But then, the monster which ate the internet arose. Facebook. In a way I feel bad that so much content (ideas, conversations, questions, jokes, interactions) have been thrown into the myth of the personalized experience (timeline), and I should (one day) sift through the content I created and/or shared on that platform and somehow salvage it. Or should I? Facebook’s own feature to remind you of your own memories is nice and kind, but it rarely brings to the front the more meaningful (text-based) interactions I’ve have with people.
Well, I do share a lot of things and ideas on Facebook, and care less about the privacy around those messages. Is this smart? Is it a romanticized idea that the Internet still is a great place for conversations with (connected) strangers? Funnily enough, people who I know in real life occasionally thank me for continuing to share stuff on Facebook, and seek to engage in conversations.
And yesterday, it was somebody I remotely know from my old student association Catena, who got somehow inspired by my reckless #public challenging of the Facebook algorithm (not really my intention, but that is how he perceived it, which is great), and proposed that – in order to fix our addition to swiping-sans-thinking – we should just produce more content and seek out public interactions. Makes sense! Thanks, Maarten!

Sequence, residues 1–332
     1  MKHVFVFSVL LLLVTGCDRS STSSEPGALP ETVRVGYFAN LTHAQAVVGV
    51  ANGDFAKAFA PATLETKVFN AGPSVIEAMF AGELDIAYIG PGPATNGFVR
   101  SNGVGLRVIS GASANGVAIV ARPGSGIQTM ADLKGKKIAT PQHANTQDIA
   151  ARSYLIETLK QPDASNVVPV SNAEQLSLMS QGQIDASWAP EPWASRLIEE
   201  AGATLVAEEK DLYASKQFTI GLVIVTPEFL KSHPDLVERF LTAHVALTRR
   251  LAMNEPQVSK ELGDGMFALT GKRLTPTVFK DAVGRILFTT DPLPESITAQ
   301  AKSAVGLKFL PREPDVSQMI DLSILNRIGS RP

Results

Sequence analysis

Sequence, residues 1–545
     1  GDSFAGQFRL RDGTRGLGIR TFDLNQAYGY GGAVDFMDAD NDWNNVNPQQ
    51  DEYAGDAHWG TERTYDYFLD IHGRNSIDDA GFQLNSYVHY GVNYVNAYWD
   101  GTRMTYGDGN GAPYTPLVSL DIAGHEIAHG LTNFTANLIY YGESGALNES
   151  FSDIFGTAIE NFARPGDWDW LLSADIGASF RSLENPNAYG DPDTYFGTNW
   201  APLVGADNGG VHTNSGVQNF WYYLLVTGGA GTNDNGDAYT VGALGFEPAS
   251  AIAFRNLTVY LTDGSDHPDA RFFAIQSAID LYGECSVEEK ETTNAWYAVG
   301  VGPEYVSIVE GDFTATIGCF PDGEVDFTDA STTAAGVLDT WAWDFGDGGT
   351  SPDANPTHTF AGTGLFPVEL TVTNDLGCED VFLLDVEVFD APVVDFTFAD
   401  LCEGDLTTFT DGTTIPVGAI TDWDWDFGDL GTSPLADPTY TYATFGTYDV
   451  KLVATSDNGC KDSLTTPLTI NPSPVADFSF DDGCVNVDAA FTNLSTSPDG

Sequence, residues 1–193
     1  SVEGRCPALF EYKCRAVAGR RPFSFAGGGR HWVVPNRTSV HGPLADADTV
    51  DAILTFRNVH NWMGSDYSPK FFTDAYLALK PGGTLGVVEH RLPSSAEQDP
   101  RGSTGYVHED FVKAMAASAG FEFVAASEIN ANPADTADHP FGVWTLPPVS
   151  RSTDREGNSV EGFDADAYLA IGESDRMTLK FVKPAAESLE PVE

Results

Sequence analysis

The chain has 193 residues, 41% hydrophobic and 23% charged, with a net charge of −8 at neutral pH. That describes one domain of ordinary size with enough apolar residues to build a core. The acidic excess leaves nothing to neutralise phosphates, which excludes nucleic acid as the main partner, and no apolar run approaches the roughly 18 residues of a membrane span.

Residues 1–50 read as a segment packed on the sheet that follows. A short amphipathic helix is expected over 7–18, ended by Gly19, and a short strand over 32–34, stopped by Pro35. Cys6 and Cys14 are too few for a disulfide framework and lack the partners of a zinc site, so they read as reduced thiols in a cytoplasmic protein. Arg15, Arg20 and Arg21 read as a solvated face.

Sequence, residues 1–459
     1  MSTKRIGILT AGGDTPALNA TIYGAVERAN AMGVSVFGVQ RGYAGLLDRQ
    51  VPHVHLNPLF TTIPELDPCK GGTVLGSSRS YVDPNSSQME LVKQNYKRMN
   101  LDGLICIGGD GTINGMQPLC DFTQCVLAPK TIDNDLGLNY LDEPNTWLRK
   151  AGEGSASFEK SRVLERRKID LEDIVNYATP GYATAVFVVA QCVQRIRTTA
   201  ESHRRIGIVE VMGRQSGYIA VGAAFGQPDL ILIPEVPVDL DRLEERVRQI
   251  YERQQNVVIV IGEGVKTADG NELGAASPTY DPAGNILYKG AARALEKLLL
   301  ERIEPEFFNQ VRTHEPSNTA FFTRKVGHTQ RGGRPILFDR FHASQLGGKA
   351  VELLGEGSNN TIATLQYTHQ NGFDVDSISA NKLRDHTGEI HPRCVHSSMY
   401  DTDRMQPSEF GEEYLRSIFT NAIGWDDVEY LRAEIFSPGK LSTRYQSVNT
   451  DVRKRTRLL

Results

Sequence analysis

So there is this urge to be visible, to be read and commented upon. Perhaps I just like writing and should do it more? Wouldn’t be a bad conclusion of this short investigation.
Ultimately, what I would like to see more, is opinions and experiences of people. Short incidents, insights. Things that make you wonder and think. Can we do that more? If not on Facebook, where?
One of the great things about taking some time away from organised (office) work is the possibility to experiment, think and rediscover one’s core interest. I’ve seen so many great educational activities during my time of active employment at EUROCLIO, and now I had the chance to play around with some of the inspiration I met along the way. Working together with my mother Els Thijsse (Studio Progress), who is an accomplished artist and art educator, we tried out a workshop which combined local history and art.
In 2018, Scheveningen, a fishing community’s village since time immemorial, marked 200 years since the establishment of a badplaats (meaning as much as a bathing/beach place). One of the many activities included the establishment of historical information points at the local library, aiming to facilitate public education, including extra-curricular activities for (young) kids, about the local history of Scheveningen.
One thing led to another and before we knew it, we had a workshop concept developed around the word haring:
1.The haringkade: The dock along a canal dug in the mid-nineteenth century which enable the herring to be shipped further inland.
2.Keith Haring: The famous graffiti artist of the 1980s.
For the first part, I did two things:
1.Working in a local library, which seeks to help kids learn local history, I made sure I worked with primary sources (mainly newspaper clippings and photography) related to only the Haringkade (with an occasional source expanded to include the other side of the same canal, namely the Havenkade). This approach helped to make history very tangible to the kids who know the local geography very well. In particular as the canal itself was dredged and the last today hosts a skate-park, playground and playfarm.
2.In order to make sure the history was meaningful to the kids, the youngest being 6 years old, the sources I selected dealt only with kids themselves.